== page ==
The Sophistocrat by Michael Mattis

Farewell To The Sophistocrat: Michael Mattis, 1964-2014


Michael Mattis, who has been a part of since its very beginning in 2004, died suddenly this weekend in his sleep. He was 49 years old.

He first met founder Christian Chensvold 20 years ago when he wrote a piece on dandies for his college literary magazine, and Chensvold contacted him in light of the mutual interest.

Tributes are currently going up on’s Facebook page, as well as Michael’s own. Our own Nick Willard had this to say when he heard the news:

Words fail to express my shock & sorrow.  We just exchanged e-mails this week, catching up with each other.  He shared how he was head over heels over his new woman & how much he loved her.  It seemed that he was at the dawn of the next stage of his life, not at the sunset.

Though he had little tolerance for foolishness, Michael was a raconteur and bon vivant by temperament who above all enjoyed meeting interesting people and swapping stories with them. He has written some of the most insightful pieces for, under the fitting column heading “The Sophistocrat,” which can be accessed in the menu column at right.

He’s captured above in a photo by Rose Callahan.

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Stick Your Neck Out, It’s World Cravat Day


In case you missed it in The Times, today is World Cravat Day. Okay, there wasn’t really an article in The Times, but a Croatian outfit calling itself Academia Cravatica has indeed declared October 18 the international day of the cravat.

Academia Cravatica is a non-profit institution founded in 1997 that “studies, preserves and improves the cravat as a part of Croatian and world heritage,” according to the group’s home page. We laud this noble cause.

The cravat, the site notes, is a Croatian invention that originated, as with so many pieces of men’s attire, from military dress. Croatian mercenaries, such as the always elegant hussars, spread the fashion throughout much of Europe in the 17th century. In France, there was even a Croatian regiment, formed in 1667, called the Royal Cravates. Cravat-makers were known as cravatiers.

The cravat evolved from the simply tied scarf into the forms of neckwear we still don to this day—from the ascot or day cravat to the standard necktie worn everywhere except Iran. The site’s authors note that there are some 85 ways to tie a cravat, but “only a dozen knots suit the usual notions of symmetry and balance.”

But the most fun fun cravat fact has to be the following. “Jesse Langsdorf, an American textile manufacturer, made a revolutionary step by cutting the fabric into three parts and then sewing it back in a way which enabled easier tying and industrial production.” This little innovation gave birth to the modern necktie.

Yes, we realize World Cravat Day coincides with Bow Tie Friday, so choose your neckwear wisely. — MICHAEL MATTIS

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Grey Poupon: The Lost Footage

American readers of a certain age will remember the old TV commercial for Grey Poupon, a Dijon mustard now made by food-biz megalith, Kraft. (“So fine, it’s even made with white wine.” Fancy that!) In it, one chauffeured Rolls Royce pulls alongside another. The well dressed man in one leans out and asks the impeccable man in the other, “Pardon me, but would you happen to have any Grey Poupon?” The original ad aired in the 1980s.

Fast forward to 2013, when all things vintage — and faux vintage — are in style, from the new-to-retro Fiat 500 to Banana Republic’s “Mad Men” apparel collection. And Kraft and its agency CP+B have seized the day, back-filling the original with clever CG and new footage that tells the story of what happened after the first encounter, Bond-style.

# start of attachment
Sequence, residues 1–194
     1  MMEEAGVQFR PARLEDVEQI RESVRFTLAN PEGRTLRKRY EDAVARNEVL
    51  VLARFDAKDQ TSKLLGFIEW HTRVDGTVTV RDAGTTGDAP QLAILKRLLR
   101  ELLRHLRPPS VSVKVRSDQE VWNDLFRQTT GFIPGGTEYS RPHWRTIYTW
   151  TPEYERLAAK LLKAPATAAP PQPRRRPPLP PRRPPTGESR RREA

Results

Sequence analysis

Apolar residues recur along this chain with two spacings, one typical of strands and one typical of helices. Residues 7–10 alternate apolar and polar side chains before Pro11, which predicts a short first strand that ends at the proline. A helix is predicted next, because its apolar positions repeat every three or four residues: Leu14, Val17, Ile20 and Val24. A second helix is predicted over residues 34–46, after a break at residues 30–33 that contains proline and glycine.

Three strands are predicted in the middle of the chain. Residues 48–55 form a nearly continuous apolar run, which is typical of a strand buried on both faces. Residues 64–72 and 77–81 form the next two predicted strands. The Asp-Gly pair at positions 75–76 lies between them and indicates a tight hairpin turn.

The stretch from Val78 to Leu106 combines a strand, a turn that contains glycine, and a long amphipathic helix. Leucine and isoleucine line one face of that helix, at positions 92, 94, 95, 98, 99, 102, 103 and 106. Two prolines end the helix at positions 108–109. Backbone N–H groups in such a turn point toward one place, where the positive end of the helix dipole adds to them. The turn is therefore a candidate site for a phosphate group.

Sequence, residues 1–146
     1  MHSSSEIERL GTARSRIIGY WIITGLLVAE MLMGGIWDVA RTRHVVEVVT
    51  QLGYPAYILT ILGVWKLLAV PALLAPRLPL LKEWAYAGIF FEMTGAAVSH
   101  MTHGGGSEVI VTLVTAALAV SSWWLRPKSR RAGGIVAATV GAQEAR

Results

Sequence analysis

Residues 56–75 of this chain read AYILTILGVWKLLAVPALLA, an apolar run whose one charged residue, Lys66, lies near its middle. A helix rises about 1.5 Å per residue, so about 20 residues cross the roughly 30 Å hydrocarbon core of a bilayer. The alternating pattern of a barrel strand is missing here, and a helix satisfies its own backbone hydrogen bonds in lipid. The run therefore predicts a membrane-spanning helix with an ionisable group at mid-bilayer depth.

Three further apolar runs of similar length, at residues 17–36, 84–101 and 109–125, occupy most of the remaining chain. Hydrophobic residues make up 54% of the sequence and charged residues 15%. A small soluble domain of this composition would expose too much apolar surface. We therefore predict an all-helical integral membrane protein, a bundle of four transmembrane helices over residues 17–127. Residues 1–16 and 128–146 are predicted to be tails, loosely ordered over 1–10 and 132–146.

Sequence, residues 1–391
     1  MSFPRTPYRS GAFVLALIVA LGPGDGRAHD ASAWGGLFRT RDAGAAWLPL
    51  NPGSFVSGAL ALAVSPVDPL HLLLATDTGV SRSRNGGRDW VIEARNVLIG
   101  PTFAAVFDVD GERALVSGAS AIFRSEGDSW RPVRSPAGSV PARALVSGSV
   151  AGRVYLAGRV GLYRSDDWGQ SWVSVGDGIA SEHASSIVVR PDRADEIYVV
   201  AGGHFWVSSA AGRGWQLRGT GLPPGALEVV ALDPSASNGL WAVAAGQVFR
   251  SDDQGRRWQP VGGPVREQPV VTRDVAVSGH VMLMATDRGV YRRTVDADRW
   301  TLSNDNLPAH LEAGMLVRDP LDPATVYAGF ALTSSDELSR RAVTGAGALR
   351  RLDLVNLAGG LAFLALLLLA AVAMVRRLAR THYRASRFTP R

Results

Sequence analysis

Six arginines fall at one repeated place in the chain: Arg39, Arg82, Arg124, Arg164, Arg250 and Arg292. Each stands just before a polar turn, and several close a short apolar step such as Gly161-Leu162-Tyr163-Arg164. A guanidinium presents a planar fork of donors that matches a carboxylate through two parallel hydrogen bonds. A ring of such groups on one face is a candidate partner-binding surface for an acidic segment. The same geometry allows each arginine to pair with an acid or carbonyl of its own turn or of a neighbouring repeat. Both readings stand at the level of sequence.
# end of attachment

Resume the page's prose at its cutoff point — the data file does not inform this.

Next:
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GQ on Beau Brummell: It Just Doesn’t Suit

When it comes to turning to Beau Brummell for inspiration, even people in the men’s fashion world get it wrong from time to time—and more often.

Popular misconceptions include:

  • Beau Brummell invented the tuxedo (or at least black-and-white for men’s evening wear)
  • That he employed several glove makers to make each pair of gloves
  • That the Prince Regent broke with Brummell over the impertinent demand, “Wales, ring the bell!” during one of their late-night piss-ups. (Brummell denied this episode repeatedly while en Caen.)

Over time these legends and others have taken on a life of their own, in part because Brummell’s wit tended toward the exaggeration of trifles. He liked to mess with people’s heads.

Still, we were not quite aghast to read this piece on the website of GQ, that venerable organ of manly style formerly known as Gentleman’s Quarterly. We were, however, nonplussed.

It starts out all right:

“Every time baggy, pleated, and yet somehow tightly tapered pants come back in style, there’s a chance that cuff might creep up the calf inching our fashion standards back to the time when men wore tights and breeches and everyone had the plague… To know how we have have arrived at our current sartorial epoch — and why we must defend it — we need first understand how we broke from the ‘ballet look’ in the first place. And for that, we have one man to thank: Beau Brummel.”

True enough for those who care to “defend” such things, except for the repeated spelling of Brummell’s name as “Brummel.” We can’t fault the author, Micah Fitzerman-Blue, overmuch for this, however. The original French editions, as well as some English translations, of Jules-Amédée Barbey d’Aurevilly’s “Du Dandysme et de Georges Brummel” spell the man’s surname with only one “L.” It’s an easy mistake.

But then Fitzerman-Blue goes on to describe Brummell’s father as an “upper middle-class politician.” He wasn’t. William Brummell was in fact a bureaucrat, the private secretary to Lord North, Prime Minister of England from 1770 to 1782. Bill Brummell never held elective office.

Then there’s this:

“Between preening, plucking, polishing his boots with champagne (fact), and spending upwards of £800 a year (over $120,000 today) on tailoring, Brummel solidified his relationship with the Prince, and established his status as London’s style icon.” [Emphasis ours.]

No, not fact. As Nigel Rodgers points out in his soon-to-be-released book, “The Dandy: Peacock or Enigma” (of which more anon), “… the story that he used champagne as boot blacking is clearly a Brummell joke—champagne is sticky.” [Emphasis Rodgers'.] Anyone who has ever bungled an inebriated toast at a wedding should know this, and the apocryphal nature of this story has been pointed out in several previous works.

Finally, there’s the kicker: